I often peruse Pinterest or ptterns.com when I’ve hit a creative block. The SF Museum of Modern Art is very close to the Pocket office, so I’ll sometimes wander over to their bookstore/gift shop for a burst of color. Malls are not only retail therapy for me, but I find that design trends in merchandising can be a great source of inspiration.
“It is so comforting knowing I can just save links to Pocket to look at later. Pocket is instrumental in capturing things I don’t want to lose!”
How does Pocket help you at work and at home?
I would have given up on Twitter a long time ago if it weren’t for Pocket! I don’t have as much time for Twitter as I did, say, a year ago. It is so comforting knowing I can just save links to Pocket to look at later. Pocket is instrumental in capturing things I don’t want to lose!
What’s your favorite Pocket feature?
That it is available across all platforms. I use multiple devices to save to Pocket and view what I’ve saved; and I use it at different times of day, too. I use Pocket on my phone in the mornings and evenings — while getting ready, commuting, and going to bed — but I also consume lots of content on my computer. It is really great to be able to flow seamlessly between them without feeling confined.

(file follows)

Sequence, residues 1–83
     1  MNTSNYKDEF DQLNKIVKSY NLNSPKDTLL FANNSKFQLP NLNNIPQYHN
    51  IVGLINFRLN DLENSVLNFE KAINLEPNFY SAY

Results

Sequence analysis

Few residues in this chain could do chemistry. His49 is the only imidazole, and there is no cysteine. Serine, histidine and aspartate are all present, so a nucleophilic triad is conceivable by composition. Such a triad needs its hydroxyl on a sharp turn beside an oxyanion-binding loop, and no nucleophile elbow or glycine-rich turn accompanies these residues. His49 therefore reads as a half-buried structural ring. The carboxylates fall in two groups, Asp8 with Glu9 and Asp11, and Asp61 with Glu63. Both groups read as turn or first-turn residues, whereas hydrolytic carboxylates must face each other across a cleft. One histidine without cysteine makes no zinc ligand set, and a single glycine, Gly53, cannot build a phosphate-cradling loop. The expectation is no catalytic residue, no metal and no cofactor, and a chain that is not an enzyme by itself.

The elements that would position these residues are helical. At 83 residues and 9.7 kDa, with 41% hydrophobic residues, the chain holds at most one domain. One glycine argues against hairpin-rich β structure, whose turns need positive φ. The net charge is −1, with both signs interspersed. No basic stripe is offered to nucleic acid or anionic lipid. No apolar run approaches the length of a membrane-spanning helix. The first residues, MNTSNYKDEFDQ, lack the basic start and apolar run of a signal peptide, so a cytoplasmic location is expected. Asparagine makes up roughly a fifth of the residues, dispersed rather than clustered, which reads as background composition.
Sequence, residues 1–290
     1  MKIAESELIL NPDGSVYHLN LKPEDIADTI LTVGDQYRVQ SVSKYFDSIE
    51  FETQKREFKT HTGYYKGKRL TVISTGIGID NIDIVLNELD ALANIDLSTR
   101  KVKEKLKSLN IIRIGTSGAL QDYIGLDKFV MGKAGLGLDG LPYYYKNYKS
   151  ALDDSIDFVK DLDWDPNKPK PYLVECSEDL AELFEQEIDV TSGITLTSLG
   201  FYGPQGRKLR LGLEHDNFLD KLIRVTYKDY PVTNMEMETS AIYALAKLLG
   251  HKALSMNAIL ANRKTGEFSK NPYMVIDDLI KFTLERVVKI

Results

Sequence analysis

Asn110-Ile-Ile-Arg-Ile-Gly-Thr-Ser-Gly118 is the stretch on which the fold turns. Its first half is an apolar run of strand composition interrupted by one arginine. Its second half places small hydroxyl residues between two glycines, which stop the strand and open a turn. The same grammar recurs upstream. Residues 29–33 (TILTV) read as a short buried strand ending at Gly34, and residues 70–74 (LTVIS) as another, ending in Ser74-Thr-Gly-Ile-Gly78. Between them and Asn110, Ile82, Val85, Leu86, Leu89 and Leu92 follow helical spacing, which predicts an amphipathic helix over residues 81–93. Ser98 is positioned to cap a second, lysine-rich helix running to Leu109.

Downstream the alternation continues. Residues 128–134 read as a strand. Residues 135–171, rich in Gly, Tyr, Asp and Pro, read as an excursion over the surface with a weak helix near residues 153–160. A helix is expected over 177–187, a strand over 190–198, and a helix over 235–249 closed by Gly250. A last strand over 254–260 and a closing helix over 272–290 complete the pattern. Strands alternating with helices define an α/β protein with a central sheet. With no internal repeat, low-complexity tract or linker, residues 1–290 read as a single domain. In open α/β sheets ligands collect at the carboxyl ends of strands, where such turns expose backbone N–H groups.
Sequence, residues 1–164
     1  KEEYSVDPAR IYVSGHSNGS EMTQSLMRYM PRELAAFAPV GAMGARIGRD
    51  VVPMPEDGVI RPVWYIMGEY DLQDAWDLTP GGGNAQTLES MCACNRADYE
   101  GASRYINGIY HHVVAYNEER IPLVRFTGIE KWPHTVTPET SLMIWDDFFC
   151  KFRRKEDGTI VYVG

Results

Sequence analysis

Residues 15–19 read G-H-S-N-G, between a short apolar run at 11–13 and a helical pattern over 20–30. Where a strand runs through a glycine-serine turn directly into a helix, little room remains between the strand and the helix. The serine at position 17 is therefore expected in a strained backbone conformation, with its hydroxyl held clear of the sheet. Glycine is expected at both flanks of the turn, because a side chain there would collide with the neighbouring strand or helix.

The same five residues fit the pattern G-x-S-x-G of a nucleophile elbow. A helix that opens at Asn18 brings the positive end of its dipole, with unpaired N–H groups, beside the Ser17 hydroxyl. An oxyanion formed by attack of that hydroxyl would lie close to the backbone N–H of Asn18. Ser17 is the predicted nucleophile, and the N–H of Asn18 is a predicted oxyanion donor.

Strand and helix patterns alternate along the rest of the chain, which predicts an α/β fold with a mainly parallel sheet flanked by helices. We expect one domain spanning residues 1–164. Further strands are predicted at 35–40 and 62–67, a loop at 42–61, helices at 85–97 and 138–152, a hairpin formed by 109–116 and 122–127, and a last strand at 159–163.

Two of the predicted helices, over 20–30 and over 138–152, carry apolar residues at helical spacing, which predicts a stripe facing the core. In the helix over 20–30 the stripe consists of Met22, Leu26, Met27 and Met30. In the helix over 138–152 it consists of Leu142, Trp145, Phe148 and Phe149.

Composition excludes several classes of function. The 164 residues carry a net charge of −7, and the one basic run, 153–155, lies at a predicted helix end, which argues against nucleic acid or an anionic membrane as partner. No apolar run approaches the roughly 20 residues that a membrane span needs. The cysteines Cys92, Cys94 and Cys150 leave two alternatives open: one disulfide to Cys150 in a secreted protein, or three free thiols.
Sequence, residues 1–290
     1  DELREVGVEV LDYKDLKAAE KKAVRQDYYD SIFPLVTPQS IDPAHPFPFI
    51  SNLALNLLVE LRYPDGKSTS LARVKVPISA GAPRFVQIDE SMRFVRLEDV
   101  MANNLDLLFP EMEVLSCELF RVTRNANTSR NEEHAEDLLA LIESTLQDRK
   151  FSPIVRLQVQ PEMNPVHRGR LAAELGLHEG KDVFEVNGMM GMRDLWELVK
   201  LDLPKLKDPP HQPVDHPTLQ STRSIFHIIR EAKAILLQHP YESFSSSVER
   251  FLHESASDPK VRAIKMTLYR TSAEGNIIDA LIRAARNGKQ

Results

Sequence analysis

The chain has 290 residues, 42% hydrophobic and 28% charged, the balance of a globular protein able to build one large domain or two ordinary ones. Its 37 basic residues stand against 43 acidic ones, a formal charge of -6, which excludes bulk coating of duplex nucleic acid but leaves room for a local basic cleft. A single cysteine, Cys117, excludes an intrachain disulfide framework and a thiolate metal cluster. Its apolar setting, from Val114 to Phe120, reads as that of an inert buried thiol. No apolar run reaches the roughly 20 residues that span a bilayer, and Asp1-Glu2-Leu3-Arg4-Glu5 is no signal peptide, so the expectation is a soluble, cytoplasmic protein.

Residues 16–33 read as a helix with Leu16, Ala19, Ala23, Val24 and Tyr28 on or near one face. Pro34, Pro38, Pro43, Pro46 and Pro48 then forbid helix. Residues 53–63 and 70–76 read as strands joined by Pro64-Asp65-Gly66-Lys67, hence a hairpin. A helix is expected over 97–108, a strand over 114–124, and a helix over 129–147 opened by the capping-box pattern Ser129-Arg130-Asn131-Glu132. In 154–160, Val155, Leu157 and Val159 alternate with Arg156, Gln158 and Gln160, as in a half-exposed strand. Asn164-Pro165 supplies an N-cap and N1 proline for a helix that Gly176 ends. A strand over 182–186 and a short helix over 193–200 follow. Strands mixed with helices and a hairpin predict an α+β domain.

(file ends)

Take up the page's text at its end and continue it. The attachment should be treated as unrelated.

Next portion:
“I’ve used Pocket to prepare for trips to Iceland, Italy, Bali, and Machu Picchu, among others. For this year’s big trip, Pocket even helped me narrow down my destination.”
What kinds of content are you saving to Pocket right now?
Professional: Articles about product and visual design. There are always new tools, tips, and tutorials to learn from!
Travel: I’ve used Pocket to prepare for trips to Iceland, Italy, Bali, and Machu Picchu, among others. I’m an aggressive researcher, consulting all kinds of sources from Lonely Planet and Tripadvisor forums to blog posts to articles in Conde Nast Traveler and The New York Times. For this year’s big trip, Pocket even helped me narrow down my destination: it was down to Morocco, Tanzania, and South Africa, so I did a lot of background reading to help figure out where to go. (Tanzania it is!)
Anything related to running: For the past 6 months, I was saving a ton of items about running, as I trained for my first half-marathon with one of my best friends. I’d never run more than a mile before, so that was a big challenge for me! I filled my Pocket with recommendations on shoes, training plans, techniques, stretches, and how to avoid injury. Over the course of my training, I tagged everything “running”, and shared a lot of items with friends who were also gearing up for their first long races.
In general, I save a lot about things to do and restaurants to try in San Francisco. Plus, I like to cook at home, so I also use Pocket to store all the recipes I want to make in a given week.
Most popular sites in Nikki’s Pocket:
Do you have a Pocket story? Whether you use Pocket to inspire your work, get organized, plan your next adventure, or read on your commute, we’d love to hear from you. Drop us a line at email@example.com, and you could be featured in the next installment of What’s In My Pocket.